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Drug interactions between Lipitor and Neoral

Results for the following 2 drugs:
Lipitor (atorvastatin)
Neoral (cyclosporine)

Interactions between your drugs

Major

cyclosporine ↔ atorvastatin

Applies to:Neoral (cyclosporine) and Lipitor (atorvastatin)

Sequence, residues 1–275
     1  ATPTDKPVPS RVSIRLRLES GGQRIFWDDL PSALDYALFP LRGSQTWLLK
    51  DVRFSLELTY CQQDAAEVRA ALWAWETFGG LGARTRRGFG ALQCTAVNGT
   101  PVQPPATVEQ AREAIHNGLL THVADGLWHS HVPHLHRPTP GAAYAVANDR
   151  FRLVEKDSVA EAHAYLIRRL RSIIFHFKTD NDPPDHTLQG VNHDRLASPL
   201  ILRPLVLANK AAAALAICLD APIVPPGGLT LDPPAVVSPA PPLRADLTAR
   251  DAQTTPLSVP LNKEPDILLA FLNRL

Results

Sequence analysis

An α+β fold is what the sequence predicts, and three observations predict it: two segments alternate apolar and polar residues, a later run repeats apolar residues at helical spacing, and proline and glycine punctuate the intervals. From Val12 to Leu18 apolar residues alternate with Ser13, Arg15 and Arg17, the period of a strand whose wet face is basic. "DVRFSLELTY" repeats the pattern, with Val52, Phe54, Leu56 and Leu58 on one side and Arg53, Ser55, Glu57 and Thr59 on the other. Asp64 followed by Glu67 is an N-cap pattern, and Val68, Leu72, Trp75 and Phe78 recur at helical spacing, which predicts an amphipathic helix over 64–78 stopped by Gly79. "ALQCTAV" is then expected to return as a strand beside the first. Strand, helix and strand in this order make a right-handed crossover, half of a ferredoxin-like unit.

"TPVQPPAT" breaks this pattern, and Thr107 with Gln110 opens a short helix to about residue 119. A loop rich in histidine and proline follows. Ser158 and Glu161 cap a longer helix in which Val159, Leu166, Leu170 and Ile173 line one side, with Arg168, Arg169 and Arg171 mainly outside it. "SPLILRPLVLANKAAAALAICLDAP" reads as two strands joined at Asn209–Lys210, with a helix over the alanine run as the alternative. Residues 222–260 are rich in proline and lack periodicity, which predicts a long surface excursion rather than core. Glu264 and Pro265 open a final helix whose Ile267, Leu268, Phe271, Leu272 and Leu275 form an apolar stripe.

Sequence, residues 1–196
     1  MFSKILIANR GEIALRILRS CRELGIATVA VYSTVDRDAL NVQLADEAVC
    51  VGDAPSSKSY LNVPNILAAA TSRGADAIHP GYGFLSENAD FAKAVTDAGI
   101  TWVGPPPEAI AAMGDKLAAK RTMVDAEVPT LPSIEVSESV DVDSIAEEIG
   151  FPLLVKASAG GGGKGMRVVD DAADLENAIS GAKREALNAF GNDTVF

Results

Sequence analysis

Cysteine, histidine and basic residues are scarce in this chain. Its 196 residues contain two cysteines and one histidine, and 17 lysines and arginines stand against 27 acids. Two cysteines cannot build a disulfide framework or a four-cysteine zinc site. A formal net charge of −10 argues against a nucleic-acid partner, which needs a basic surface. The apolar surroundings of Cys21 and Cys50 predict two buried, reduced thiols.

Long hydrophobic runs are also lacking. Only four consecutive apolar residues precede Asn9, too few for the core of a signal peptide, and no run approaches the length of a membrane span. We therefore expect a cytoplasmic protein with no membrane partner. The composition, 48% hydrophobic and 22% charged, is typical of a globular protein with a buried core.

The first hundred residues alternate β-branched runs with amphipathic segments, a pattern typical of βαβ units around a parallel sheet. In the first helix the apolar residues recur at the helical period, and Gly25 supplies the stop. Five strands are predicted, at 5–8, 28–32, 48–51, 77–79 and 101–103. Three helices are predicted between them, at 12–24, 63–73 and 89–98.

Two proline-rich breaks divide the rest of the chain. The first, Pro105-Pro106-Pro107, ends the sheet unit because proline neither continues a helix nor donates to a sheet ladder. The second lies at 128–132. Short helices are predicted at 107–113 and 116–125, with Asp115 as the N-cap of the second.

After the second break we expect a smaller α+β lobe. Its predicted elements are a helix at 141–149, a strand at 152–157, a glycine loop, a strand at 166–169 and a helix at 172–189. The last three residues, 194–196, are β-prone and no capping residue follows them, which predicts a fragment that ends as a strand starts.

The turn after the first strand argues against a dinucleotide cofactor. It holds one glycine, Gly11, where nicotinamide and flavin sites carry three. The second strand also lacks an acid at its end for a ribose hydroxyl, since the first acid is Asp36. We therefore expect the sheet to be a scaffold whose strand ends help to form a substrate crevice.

Talk to your doctor before using atorvastatin together with cycloSPORINE. Combining these medications may significantly increase the blood levels of atorvastatin. This can increase the risk of side effects such as liver damage and a rare but serious condition called rhabdomyolysis that involves the breakdown of skeletal muscle tissue. In some cases, rhabdomyolysis can cause kidney damage and even death. You may need a dose adjustment or more frequent monitoring by your doctor to safely use both medications, or your doctor may prescribe alternative medications that do not interact. Let your doctor know immediately if you have unexplained muscle pain, tenderness, or weakness during treatment with atorvastatin or similar medications, especially if these symptoms are accompanied by fever or dark colored urine. You should also seek immediate medical attention if you develop fever, chills, joint pain or swelling, unusual bleeding or bruising, skin rash, itching, loss of appetite, fatigue, nausea, vomiting, dark colored urine, light colored stools, and/or yellowing of the skin or eyes, as these may be signs and symptoms of liver damage. It is important to tell your doctor about all other medications you use, including vitamins and herbs. Do not stop using any medications without first talking to your doctor.